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# Python | Column summation in uneven sized lists

The usual list of list, unlike conventional C type Matrix, can allow the nested list of lists with variable lengths, and when we require the summation of its columns, the uneven length of rows may lead to some elements in that element to be absent and if not handled correctly, may throw exception. Let’s discuss certain ways in which this problem can be performed in error-free manner.

Method #1 : Using sum() + filter() + map() + list comprehension The combination of above three function combined with list comprehension can help us perform this particular task, the sum function helps to perform the summation, filter allows us to check for the present elements and all rows are combined using the map function. Works only with python 2

## Python3

 `# Python code to demonstrate ``# Column summation in uneven sized lists``# using sum() + filter() + map() + list comprehension` `# initializing list of lists``test_list ``=` `[[``1``, ``5``, ``3``], [``4``], [``9``, ``8``]]` `# printing original list``print` `("The original ``list` `is` `: " ``+` `str``(test_list))` `# using sum() + filter() + map() + list comprehension``# Column summation in uneven sized lists``res ``=` `[``sum``(``filter``(``None``, j)) ``for` `j ``in` `map``(``None``, ``*``test_list)]` `# printing result``print` `("The summation of columns ``is` `: " ``+` `str``(res))`

Output :

```The original list is : [[1, 5, 3], , [9, 8]]
The summation of columns is : [14, 13, 3]```

Time Complexity: O(n*n), where n is the length of the list test_list
Auxiliary Space: O(n) additional space of size n is created where n is the number of elements in the res list

Method #2 : Using list comprehension + sum() + zip_longest() If one desires not to play with the None values, one can opt for this method to resolve this particular problem. The zip_longest function helps to fill the not present column with 0 so that it does not has to handle the void of elements not present.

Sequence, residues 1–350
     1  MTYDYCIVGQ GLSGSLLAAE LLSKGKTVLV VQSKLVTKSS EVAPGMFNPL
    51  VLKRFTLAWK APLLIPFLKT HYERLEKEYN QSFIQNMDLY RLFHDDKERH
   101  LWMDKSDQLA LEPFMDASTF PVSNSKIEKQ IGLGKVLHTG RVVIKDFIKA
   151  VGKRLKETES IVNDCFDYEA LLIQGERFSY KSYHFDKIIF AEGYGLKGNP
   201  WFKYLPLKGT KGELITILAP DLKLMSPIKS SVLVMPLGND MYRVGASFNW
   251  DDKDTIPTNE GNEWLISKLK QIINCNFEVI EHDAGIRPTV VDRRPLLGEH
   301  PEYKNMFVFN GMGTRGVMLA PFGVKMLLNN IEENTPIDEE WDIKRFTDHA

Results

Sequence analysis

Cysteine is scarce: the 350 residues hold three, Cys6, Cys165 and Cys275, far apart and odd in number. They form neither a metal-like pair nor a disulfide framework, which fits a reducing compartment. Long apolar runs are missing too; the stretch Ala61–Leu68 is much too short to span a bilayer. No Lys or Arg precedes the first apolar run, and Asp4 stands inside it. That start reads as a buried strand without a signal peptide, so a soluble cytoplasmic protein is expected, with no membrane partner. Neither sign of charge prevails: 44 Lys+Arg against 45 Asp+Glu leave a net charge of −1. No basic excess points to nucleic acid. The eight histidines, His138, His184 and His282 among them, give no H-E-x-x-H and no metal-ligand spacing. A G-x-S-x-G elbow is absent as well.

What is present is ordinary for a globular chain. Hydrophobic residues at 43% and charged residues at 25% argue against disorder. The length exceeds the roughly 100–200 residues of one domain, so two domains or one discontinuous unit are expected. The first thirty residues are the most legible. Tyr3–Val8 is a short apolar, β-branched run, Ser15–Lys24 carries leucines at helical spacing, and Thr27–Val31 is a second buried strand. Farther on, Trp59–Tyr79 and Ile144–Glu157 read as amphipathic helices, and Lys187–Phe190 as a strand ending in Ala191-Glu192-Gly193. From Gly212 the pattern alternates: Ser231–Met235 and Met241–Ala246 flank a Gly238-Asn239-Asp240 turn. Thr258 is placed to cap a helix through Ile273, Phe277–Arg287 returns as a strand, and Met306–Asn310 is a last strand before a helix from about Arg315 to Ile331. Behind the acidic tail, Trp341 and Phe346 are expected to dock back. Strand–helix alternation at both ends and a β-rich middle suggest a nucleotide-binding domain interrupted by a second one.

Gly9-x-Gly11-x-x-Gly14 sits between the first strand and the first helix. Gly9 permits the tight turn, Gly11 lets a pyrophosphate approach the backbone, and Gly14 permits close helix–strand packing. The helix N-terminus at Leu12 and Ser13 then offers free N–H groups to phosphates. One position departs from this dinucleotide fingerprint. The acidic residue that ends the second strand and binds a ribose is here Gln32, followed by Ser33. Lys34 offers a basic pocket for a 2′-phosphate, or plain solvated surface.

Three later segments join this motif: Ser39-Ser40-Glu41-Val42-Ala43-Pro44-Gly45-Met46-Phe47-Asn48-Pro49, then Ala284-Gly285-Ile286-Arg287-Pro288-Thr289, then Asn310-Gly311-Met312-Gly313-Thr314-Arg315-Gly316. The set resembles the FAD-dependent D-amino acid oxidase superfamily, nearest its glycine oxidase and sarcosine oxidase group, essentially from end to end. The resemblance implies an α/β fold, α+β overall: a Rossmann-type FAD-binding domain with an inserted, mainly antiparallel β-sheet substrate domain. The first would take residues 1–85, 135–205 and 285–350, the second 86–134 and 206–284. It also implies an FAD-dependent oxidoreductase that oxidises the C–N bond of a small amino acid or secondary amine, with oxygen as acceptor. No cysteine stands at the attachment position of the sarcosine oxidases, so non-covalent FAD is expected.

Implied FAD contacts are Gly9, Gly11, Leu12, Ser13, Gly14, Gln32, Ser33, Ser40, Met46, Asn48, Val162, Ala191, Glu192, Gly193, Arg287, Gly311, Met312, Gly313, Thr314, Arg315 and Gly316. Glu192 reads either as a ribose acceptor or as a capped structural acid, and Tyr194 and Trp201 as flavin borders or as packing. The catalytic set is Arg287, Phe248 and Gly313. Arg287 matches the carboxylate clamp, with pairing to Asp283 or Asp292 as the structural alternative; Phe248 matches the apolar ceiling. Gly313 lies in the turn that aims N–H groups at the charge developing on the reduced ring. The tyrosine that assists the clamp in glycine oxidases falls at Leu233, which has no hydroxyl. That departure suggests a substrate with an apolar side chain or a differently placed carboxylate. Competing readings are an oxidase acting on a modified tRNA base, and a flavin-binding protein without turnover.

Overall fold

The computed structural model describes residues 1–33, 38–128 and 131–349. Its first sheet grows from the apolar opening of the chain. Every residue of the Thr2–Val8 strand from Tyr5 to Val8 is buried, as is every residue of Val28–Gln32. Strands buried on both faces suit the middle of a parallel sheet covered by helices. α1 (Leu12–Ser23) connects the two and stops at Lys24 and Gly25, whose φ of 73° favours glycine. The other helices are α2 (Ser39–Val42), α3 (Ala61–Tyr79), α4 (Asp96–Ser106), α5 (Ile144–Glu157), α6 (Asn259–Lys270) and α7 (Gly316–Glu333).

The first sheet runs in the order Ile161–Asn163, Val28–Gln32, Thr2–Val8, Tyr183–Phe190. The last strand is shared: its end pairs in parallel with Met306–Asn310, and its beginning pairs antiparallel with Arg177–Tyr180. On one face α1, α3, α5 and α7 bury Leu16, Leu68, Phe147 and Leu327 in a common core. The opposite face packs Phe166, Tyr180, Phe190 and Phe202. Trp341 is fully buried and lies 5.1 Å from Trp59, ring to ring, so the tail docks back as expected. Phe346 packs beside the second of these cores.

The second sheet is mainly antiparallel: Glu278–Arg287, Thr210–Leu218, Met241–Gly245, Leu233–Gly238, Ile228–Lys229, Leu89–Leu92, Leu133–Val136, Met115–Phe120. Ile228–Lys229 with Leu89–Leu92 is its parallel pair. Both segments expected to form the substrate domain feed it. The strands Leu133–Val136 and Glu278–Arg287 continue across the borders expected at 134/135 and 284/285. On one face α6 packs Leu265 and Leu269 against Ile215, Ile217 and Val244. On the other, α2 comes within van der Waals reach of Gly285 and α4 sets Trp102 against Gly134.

## Python3

 `# Python3 code to demonstrate ``# Column summation in uneven sized lists``# using list comprehension + sum() + zip_longest()``import` `itertools` `# initializing list of lists``test_list ``=` `[[``1``, ``5``, ``3``], [``4``], [``9``, ``8``]]` `# printing original list``print` `("The original ``list` `is` `: " ``+` `str``(test_list))` `# using list comprehension + sum() + zip_longest()``# Column summation in uneven sized lists``res ``=` `[``sum``(i) ``for` `i ``in` `itertools.zip_longest(``*``test_list, fillvalue ``=` `0``)]` `# printing result``print` `("The summation of columns ``is` `: " ``+` `str``(res))`

Output :

```The original list is : [[1, 5, 3], , [9, 8]]
The summation of columns is : [14, 13, 3]```

#### Method #3 : Using  max

To perform column summation in uneven sized lists in Python, you can use the built-in zip() function to group the elements of each sub-list by their corresponding positions, and then use a list comprehension to sum the elements in each group.

## Python3

 `original_list ``=` `[[``1``, ``5``, ``3``], [``4``], [``9``, ``8``]]` `# Determine the maximum length of the sub-lists``max_length ``=` `max``(``len``(sub_list) ``for` `sub_list ``in` `original_list)` `# Initialize the output list with zeros``column_sums ``=` `[``0``] ``*` `max_length` `# Iterate through the columns of the sub-lists and add the values to the output list``for` `sub_list ``in` `original_list:``    ``for` `i ``in` `range``(``len``(sub_list)):``        ``column_sums[i] ``+``=` `sub_list[i]` `# Print the original list and the column sums``print``(``"The original list is :"``, original_list)``print``(``"The summation of columns is :"``, column_sums)`

Output

```The original list is : [[1, 5, 3], , [9, 8]]
The summation of columns is : [14, 13, 3]```

Time complexity:  O(M*N)

Auxiliary Space:  O(M)

Method #4 : Using reduce() and zip_longest():

Algorithm:

1.Initialize the list of lists.
2.Use itertools.zip_longest() to make lists equal in size by adding 0s to fill the missing values.
3.Use list comprehension to sum the columns.
4.Return the resulting list as the column summation of the uneven sized lists.

## Python3